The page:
Blessed be!


Whether we observe Christmas, Chanukah, Kwanzaa, Bhodi Day (the Buddhist day of enlightenment), or Solstice, this is the time of year that we celebrate the coming of light out of darkness.

In Chicago, under gray skies, buffeted by the cold winds off Lake Michigan, amidst the hustle and bustle of the season, it isn’t hard to understand why our ancestors felt the need to remind themselves that brighter days would
indeed return. It seems ironic that these holidays of light often bring a sense of darkness with them.

Whether we are suffering from a lack of UV rays, or from the disparity between the Hallmark version of what the festivities are
supposed to be and what our experience actually is, December can be difficult.

Theologians speak of a “Dark Night of the Soul,”a time of loneliness and desolation brought about by the letting go of the ego’s hold on the psyche. This surrender makes space for a transformation in the way we define ourselves and our relationship to both the world and the All
That Is. The interim period can be frightening, hence the perceived “darkness”.

But those who have preceded us through the night advise that there are blessings to be had in the dark. Helen Keller reminds, “everything has its wonders, even darkness and silence,” while Og Mandino states, “I will endure the darkness for it shows me the stars.”

And while in the midst of our pain, it seems as if it will never end, mythologist Joseph Campbell assures, “at the bottom of the abyss comes the voice of salvation. The black moment is the moment when the real message of transformation is going to come. At the darkest moment comes the light.”

Perhaps these holidays come at the perfect time, giving us a unique opportunity to practice the faith and hope that will sustain us on both our physical and spiritual journeys.

And the blessing is two-fold, for not only do we receive this timely reminder that dawn follows even the longest night, but we are also granted the privilege of gifting light to those we come into contact with, both loved ones and strangers.

If you were to fly across the country this evening, looking down at the houses below, you would see that every community is connected by a network of holiday lights, a physical manifestation of the energetic
web of life that literally connects each living entity to every other. We just never know when the joy and good cheer, the kind word and
warmth, we share might be the very spark another needs in order to relight their candle in the dark.

And this gift we give comes back to us. Motivational speaker Ben Sweetland
promises, “we cannot hold a torch to light another’s path without brightening our own.”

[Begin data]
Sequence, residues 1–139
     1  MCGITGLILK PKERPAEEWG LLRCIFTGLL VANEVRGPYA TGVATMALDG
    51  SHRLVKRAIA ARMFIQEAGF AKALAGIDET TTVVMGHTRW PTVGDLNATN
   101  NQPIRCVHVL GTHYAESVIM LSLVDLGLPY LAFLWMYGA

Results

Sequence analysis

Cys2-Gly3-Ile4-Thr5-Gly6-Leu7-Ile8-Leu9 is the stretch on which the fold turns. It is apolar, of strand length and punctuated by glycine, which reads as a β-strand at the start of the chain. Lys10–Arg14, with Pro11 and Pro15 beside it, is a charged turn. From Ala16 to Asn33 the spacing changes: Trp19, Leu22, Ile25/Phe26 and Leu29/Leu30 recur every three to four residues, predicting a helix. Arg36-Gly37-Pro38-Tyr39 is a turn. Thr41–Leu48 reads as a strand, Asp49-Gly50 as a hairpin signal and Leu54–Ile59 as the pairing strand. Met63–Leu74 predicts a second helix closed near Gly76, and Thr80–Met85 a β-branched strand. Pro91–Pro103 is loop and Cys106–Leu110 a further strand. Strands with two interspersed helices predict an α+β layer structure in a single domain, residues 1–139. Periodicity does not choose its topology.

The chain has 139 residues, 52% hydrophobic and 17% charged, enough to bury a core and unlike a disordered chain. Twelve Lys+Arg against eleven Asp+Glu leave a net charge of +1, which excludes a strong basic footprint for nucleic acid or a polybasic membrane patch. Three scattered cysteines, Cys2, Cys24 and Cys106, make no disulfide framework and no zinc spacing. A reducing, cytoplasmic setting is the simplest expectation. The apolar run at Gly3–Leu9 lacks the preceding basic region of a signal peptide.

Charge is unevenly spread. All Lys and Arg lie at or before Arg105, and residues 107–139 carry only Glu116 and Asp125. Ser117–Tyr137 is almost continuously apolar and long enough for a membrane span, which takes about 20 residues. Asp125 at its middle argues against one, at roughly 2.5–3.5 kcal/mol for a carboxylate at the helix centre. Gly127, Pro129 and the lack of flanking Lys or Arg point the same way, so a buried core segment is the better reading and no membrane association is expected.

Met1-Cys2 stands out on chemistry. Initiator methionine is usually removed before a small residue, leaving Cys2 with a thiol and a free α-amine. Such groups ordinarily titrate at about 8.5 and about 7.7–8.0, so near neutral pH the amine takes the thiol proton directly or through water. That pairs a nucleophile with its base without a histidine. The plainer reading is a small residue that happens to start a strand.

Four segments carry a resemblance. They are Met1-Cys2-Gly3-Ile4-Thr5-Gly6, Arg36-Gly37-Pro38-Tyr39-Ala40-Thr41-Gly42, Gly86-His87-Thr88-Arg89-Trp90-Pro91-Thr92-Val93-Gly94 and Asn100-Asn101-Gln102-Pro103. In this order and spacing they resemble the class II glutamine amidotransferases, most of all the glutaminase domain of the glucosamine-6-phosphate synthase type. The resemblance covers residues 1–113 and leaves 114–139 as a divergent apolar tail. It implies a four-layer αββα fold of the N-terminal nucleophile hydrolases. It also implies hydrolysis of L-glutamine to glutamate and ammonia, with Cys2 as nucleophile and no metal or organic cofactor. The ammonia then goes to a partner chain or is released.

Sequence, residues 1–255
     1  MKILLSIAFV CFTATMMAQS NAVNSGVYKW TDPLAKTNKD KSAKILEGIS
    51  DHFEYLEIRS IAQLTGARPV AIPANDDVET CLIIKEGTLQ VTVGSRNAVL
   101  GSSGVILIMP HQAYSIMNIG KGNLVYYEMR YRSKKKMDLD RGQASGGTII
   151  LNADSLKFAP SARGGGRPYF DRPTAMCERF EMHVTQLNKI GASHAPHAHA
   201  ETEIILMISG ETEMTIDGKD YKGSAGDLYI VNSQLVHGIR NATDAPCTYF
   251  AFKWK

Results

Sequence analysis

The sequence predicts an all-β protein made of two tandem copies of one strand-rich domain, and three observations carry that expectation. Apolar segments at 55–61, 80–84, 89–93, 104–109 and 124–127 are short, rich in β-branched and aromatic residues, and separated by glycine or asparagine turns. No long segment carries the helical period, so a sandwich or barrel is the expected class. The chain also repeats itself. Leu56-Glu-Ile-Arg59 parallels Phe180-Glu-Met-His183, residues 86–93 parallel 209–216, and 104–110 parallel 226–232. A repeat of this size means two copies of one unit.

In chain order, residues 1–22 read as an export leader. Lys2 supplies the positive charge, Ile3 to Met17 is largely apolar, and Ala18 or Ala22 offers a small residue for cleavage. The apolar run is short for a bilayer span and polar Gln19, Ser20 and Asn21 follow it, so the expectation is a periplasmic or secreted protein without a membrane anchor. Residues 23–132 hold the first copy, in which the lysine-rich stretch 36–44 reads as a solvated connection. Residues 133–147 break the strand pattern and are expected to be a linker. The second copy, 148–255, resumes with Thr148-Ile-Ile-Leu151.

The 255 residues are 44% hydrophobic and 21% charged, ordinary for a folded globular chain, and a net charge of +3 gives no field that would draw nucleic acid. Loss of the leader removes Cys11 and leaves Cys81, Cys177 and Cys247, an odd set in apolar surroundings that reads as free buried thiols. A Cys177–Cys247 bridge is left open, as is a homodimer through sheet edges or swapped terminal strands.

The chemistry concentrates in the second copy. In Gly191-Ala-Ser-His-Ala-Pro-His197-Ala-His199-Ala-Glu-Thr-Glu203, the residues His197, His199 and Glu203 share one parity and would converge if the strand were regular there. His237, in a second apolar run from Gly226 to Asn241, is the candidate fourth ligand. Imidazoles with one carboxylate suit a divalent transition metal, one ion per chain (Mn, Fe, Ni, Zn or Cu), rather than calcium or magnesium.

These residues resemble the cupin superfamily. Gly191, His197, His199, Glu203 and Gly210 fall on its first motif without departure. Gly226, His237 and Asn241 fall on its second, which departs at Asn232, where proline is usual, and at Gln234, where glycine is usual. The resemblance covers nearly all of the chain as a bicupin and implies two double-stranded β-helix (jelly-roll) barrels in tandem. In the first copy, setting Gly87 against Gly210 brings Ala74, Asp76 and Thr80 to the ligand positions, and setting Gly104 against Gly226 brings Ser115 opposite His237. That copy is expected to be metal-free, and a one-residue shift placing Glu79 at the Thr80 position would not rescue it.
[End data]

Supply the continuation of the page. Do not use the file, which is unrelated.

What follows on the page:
Here at HHP, it is our privilege to bear lanterns in the night, to be torchbearers through the labyrinth of personal transformation, and we are
honored by your trust. We are so very blessed to have each and every one of you in our lives, to witness and support the unique and beautiful
light you bring to the world. Remember during these cold days of darkness that we are right here, lighting candles!

May you and yours experience Peace, Joy, and Light for this holiday season and beyond!

HHP Holiday Message 2009

It has been a hard year…

Jobs are down while interest rates are up.  We have committed 30,000 of our young people to a war half a world away while we continue to lead the battle on not one but two fronts.  The fragile hope of last year’s political elections has been tarnished by the reality of the very real and slow (sometimes plodding, often frustrating) work of turning a country towards what we hope are brave new shores and what we fear is more of the same…

And now we find ourselves in the season of Faith.

Faith that the oil will last as long as it needs to, faith that a newborn can bring peace to mankind, faith that building strong families can lead to a better world, faith that one man’s enlightenment can ignite candles of consciousness the globe over, faith that even darkness has a bottom from which we will eventually return to the light.

“Faith,” says Martin Luther King, Jr., “is taking the first step even when you can’t see the whole staircase.”

By its very nature, faith is not easy, and when you feel as if you have been burned by hope, that you have tumbled one too many times down the stairwell, it becomes exponentially more difficult.

Cynicism, pessimism, and distrust are so attractive in these dark nights of the soul.  There is a kind of logic to holing up behind their walls and saying “enough” to pain and suffering.

But at what cost?

“To sacrifice what you are and to live without belief.” maintained Joan of Arc, “that is a fate more terrible than dying.”

And award winning author William Styron acknowledges, “It is hopelessness even more than pain that crushes the soul.”

Fearful of moving forward; aware that the tactics we take to protect ourselves are themselves a kind of death, what then are we to do?

In those moments when we cannot ourselves muster enough trust, we must depend on those who love us to keep our dreams alive on our behalf.  It is so much easier to see another’s possibilities – to realize that what seems like an insurmountable problem is an opportunity for growth, that what feels like bottomless despair is the beginning of joyous enlightenment – to know that there is an end to pain and misery.

We’re never so vulnerable than when we trust someone,” admits writer and painter Walter Anderson. “But paradoxically, if we cannot trust, neither can we find love or joy.”